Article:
12 - When your writing gets stalled, where do you turn or return for (for lack of a better word) inspiration?
When I’m stalled, I read or I walk. Other people’s words and the world outside: if they don’t inspire, at least they entertain.
13 - What fragrance reminds you of home?
In a house, lilacs and woodsmoke. In a car, wet dog and cigarette smoke.
14 - David W. McFadden once said that books come from books, but are there any other forms that influence your work, whether nature, music, science or visual art?
Cityscapes was heavily influenced not by any specific work of art, but by historical ways of seeing, particularly the picturesque movement, with its romanticization of ruin, its coloured glasses. My work is influenced by place in general, whether urban or “natural”—I’m particularly intrigued by how unclean those categories are.
15 - What other writers or writings are important for your work, or simply your life outside of your work?
Too many contemporary writers, so I’ll list the long-dead women with whom I spend my days: Frances Burney, Anne Radcliffe, Charlotte Smith, Jane Austen.
16 - What would you like to do that you haven't yet done?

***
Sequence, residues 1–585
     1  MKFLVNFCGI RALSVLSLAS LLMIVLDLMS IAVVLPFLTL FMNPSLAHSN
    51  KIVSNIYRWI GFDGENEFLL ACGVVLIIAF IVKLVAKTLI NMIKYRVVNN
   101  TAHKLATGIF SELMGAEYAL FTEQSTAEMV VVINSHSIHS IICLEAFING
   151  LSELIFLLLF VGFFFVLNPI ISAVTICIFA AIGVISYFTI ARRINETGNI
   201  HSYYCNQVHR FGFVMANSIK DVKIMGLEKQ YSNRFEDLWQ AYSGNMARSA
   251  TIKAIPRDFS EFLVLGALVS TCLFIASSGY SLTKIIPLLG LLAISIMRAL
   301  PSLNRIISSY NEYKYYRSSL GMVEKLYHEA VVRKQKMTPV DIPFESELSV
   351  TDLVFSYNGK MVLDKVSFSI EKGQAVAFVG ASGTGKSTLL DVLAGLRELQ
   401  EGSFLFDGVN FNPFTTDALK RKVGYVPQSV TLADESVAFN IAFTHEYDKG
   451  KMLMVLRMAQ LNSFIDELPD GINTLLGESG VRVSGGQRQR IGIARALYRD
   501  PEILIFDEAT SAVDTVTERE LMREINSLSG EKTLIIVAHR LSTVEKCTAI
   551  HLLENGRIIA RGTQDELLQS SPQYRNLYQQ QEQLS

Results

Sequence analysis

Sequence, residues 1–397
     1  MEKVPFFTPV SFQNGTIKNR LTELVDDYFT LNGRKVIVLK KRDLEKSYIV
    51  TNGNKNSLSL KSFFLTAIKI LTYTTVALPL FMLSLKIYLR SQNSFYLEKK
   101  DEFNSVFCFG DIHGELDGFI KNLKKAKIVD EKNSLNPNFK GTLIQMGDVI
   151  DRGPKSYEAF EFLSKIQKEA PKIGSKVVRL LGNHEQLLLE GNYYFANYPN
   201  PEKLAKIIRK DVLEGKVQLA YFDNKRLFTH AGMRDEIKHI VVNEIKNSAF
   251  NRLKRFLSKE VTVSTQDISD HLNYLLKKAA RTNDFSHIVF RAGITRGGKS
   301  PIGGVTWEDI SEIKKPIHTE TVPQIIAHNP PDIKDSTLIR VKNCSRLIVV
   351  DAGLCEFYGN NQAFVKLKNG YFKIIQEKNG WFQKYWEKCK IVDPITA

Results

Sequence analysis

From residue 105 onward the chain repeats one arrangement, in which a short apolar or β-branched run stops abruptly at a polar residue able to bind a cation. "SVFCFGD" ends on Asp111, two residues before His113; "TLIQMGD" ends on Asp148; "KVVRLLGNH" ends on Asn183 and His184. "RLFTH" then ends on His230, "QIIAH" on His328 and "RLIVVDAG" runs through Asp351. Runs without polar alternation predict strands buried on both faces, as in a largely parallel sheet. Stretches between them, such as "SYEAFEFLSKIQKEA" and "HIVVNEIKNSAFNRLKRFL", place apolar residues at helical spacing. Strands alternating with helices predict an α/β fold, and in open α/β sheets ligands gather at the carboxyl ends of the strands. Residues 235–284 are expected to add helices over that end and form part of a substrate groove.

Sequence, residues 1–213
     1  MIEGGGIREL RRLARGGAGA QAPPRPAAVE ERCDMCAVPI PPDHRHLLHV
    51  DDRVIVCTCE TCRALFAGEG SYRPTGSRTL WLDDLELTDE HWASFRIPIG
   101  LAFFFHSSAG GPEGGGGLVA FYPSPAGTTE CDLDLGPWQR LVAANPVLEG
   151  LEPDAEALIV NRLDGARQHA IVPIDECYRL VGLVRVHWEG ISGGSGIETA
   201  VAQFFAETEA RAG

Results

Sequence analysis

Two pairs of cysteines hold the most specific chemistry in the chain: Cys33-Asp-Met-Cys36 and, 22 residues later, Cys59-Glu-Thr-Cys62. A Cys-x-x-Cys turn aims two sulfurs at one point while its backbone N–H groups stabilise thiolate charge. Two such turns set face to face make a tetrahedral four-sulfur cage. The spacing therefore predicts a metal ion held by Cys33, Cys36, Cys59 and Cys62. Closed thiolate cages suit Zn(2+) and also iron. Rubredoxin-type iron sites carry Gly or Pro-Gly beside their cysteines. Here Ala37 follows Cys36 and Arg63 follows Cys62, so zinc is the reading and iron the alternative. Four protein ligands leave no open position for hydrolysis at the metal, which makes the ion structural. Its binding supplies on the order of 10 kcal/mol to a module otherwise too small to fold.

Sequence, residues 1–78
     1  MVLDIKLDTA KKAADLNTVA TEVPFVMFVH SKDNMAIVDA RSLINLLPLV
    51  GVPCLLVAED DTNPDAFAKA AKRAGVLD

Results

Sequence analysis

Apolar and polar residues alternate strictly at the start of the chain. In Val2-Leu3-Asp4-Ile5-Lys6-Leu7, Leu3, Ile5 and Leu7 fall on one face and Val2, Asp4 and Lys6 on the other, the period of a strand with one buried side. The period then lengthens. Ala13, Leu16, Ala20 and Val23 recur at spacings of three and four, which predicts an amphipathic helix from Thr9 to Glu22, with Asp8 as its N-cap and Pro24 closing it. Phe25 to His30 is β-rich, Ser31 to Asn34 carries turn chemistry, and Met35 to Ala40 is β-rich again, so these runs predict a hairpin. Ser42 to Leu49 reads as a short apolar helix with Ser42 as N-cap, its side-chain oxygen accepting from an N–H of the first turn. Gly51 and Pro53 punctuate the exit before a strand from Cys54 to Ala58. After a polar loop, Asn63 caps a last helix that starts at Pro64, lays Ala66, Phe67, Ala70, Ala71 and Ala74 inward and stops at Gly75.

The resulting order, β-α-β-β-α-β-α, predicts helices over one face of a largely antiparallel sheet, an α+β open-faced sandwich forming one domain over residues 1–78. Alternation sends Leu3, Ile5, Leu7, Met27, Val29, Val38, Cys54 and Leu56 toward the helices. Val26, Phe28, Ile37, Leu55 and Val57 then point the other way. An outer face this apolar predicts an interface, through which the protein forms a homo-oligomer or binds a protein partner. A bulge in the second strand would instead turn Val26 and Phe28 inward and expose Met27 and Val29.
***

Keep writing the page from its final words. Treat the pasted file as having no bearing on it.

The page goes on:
Make a quilt.
17 - If you could pick any other occupation to attempt, what would it be? Or, alternately, what do you think you would have ended up doing had you not been a writer?
An actress, If I could somehow bypass all the accompanying financial and emotional risk and rejection, which I’m okay suffering through as a writer, apparently.
18 - What made you write, as opposed to doing something else?
My parents are both writers, and though they never “made” me or my siblings try it out, I think their general happiness gave us all a very dangerous example.
19 - What was the last great book you read? What was the last great film?
20 - What are you currently working on?
Poems that think about movement, particularly women moving through public space. Related, poems about carriages. And my dissertation, always and forever.